About 30 percent of all precipitation becomes runoff and that amount might be increased by water from melting snow. River flooding is caused by heavy rain, sometimes increased by melting snow. A flood that rises with little or no warning, is called a flash flood. Flash floods result from intense rainfall over a small area, or if the area was saturated from previous precipitation; when rainfall is light, the shorelines of lakes and bays can be flooded by severe winds—such as during hurricanes—that blow water into the shore areas. Coastal areas are sometimes flooded by unusually high tides, such as spring tides when compounded by high winds and storm surges. Flooding has many impacts, it endangers the lives of humans and other species. Rapid water runoff causes soil erosion and concomitant sediment deposition elsewhere; the spawning grounds for fish and other wildlife habitats can become polluted or destroyed. Some prolonged high floods can delay traffic in areas. Floods can interfere with drainage and economical use such as interfering with farming.
Structural damage can occur in bridge abutments, bank lines, sewer lines, other structures within floodways. Waterway navigation and hydroelectric power are impaired. Financial losses due to floods are millions of dollars each year, with the worst floods in recent U. S. history having cost billions of dollars. There are many disruptive effects of flooding on economic activities. However, flooding can bring benefits, such as making soil more fertile and providing nutrients in which it is deficient. Periodic flooding was essential to the well-being of ancient communities along the Tigris-Euphrates Rivers, the Nile River, the Indus River, the Ganges and the Yellow River, among others; the viability for hydrologically based renewable sources of energy is higher in flood-prone regions. This is the method used for remote sensing the disasters. Detection of disasters such as floods and explosions are quite complex in previous days and range of detection is inappropriate. But, it came to possibilities by using Multi temporal visualization of Synthetic Aperture Radar images.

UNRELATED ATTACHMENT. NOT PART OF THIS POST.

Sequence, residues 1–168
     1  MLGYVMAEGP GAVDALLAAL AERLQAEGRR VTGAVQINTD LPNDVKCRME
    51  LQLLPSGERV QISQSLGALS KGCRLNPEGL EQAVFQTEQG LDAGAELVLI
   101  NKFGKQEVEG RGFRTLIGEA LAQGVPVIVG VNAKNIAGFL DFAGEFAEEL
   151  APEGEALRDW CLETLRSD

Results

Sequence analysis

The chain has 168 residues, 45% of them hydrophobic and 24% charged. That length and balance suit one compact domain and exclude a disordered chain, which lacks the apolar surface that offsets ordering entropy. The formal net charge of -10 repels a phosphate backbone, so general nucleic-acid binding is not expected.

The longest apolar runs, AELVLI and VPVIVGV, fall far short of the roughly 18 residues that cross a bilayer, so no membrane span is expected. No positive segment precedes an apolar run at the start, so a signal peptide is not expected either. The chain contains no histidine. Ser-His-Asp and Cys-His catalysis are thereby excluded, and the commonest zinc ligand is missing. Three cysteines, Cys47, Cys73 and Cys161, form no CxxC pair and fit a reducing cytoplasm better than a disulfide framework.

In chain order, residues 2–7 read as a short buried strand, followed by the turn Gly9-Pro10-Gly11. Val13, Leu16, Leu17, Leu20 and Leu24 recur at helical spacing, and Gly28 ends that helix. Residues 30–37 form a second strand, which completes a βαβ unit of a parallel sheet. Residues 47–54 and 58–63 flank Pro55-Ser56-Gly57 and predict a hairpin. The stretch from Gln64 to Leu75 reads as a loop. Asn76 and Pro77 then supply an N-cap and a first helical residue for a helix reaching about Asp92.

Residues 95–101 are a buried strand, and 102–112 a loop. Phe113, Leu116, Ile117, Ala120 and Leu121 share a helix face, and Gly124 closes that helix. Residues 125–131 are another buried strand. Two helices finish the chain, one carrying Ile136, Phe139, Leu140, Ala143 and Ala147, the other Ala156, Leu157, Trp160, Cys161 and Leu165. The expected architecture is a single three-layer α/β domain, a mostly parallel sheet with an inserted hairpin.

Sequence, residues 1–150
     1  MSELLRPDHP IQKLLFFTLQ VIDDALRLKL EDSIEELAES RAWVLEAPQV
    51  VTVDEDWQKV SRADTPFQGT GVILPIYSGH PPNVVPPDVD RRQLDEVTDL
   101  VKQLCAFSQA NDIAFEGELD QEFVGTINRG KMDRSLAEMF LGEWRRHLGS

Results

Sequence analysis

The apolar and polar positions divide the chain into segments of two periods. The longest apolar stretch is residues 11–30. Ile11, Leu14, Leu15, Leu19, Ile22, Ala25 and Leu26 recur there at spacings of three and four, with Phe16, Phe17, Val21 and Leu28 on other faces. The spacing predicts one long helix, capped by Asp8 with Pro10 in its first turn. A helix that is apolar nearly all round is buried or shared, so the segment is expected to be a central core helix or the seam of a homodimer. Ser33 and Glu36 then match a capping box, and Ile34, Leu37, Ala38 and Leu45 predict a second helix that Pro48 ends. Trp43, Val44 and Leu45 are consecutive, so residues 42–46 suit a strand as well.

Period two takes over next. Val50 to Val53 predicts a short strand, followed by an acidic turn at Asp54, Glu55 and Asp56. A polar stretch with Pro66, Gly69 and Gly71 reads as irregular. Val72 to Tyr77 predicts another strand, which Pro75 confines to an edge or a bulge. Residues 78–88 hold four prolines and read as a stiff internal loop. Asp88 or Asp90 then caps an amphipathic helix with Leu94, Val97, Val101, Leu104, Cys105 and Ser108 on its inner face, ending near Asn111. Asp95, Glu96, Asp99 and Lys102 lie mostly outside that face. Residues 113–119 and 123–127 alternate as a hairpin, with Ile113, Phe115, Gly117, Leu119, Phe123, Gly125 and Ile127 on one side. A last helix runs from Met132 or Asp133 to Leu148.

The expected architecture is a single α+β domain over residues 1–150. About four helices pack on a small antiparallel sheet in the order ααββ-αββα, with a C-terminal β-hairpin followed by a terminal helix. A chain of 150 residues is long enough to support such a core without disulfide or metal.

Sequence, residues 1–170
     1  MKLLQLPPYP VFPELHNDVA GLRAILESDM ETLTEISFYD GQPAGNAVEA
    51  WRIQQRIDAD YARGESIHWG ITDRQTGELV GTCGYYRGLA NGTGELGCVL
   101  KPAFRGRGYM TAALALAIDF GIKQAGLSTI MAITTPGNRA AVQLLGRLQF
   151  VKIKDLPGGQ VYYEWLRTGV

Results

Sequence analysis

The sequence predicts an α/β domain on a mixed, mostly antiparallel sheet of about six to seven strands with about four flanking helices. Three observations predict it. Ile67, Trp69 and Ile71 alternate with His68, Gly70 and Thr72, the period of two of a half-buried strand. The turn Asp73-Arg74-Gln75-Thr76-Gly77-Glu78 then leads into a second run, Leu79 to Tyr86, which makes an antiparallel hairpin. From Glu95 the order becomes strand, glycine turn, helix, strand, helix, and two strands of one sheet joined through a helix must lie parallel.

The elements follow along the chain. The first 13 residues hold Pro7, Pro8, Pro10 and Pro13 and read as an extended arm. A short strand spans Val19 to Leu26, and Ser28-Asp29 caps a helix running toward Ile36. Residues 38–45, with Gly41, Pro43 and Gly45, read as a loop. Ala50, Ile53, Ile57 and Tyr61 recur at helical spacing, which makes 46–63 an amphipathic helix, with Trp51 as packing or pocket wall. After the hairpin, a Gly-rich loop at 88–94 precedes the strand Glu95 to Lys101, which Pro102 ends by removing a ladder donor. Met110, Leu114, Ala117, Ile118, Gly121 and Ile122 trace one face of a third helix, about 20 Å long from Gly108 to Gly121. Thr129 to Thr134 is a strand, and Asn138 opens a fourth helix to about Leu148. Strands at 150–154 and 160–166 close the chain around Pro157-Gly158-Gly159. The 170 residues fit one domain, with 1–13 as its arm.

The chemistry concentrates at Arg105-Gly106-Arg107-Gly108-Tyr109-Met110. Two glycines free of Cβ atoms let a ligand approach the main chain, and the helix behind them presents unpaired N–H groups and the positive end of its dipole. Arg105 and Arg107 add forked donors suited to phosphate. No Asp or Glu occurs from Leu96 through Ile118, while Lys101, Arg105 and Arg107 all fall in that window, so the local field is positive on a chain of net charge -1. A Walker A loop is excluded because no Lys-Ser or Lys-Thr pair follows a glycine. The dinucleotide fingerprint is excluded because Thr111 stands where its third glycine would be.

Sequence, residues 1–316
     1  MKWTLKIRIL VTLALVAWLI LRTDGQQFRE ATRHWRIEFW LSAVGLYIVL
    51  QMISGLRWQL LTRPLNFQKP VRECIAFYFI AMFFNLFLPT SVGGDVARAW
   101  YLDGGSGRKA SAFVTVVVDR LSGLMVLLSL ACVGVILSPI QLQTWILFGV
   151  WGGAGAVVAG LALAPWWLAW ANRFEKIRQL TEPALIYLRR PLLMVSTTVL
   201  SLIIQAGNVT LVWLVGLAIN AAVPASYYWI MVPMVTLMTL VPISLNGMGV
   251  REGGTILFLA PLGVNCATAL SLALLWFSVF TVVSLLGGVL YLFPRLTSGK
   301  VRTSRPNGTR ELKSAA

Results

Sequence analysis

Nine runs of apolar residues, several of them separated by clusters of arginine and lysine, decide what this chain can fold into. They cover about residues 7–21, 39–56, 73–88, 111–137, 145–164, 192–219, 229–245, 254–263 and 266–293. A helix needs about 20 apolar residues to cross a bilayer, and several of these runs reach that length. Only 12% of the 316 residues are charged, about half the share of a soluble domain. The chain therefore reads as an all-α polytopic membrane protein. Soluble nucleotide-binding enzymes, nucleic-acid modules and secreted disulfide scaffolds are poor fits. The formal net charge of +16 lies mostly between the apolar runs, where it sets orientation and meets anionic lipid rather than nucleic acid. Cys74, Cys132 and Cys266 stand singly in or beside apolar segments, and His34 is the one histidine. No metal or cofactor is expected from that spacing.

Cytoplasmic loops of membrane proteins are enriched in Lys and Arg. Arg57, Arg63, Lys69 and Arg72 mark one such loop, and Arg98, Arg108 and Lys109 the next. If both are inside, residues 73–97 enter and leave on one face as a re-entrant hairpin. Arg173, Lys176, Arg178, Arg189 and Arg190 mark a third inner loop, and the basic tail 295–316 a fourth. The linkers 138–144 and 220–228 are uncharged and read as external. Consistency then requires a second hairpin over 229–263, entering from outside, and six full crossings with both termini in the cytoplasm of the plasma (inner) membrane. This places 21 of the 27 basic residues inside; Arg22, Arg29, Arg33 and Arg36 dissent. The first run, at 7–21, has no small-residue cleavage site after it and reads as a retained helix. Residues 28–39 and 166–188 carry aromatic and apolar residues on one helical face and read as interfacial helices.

But to obtain the good SAR images perfect spatial registration and precise calibration are necessary to specify changes that have occurred. Calibration of SAR is complex and a sensitive problem. Errors may occur after calibration that involves data fusion and visualization process. Traditional image pre-processing cannot be used here due to the on-Gaussian of radar back scattering, but a processing method called "cross calibration/normalization" is used to solve this problem; the application generates a single disaster image called "fast-ready disaster map" from multitemporal SAR images. These maps are generated without user interaction and helps in providing immediate first aid to the people; this process provides image enhancement and comparison between numerous images using data fusion and visualization process. This proposed processing includes histogram truncation and equalization steps; the process helps in identifying the permanent waters and other classes by combined composition of pre-disaster and post-disaster images into a color image for better identity.
Some methods of flood control have been practiced since ancient times. These methods include planting vegetation to retain extra water, terracing hillsides to slow flow downhill, the construction of floodways. Other techniques include the construction of levees, dams, retention ponds to hold extra water during times of flooding. Many dams and their associated reservoirs are designed or to aid in flood protection and control. Many large dams have flood-control reservations in which the level of a reservoir must be kept below a certain elevation before the onset of the rainy/summer melt season to allow a certain amount of space in which floodwaters can fill. Other beneficial uses of dam created reservoirs include hydroelectric power generation, water conservation, recreation. Reservoir and dam construction and design is based upon standards set out by the government. In the United States and reservoir design is regulated by the US Army Corps of Engineers. Design of a dam and reservoir follows guidelines set by the USACE and covers topics such as design flow rates in consideration to meteorological, topographic and soi
Benton County, Arkansas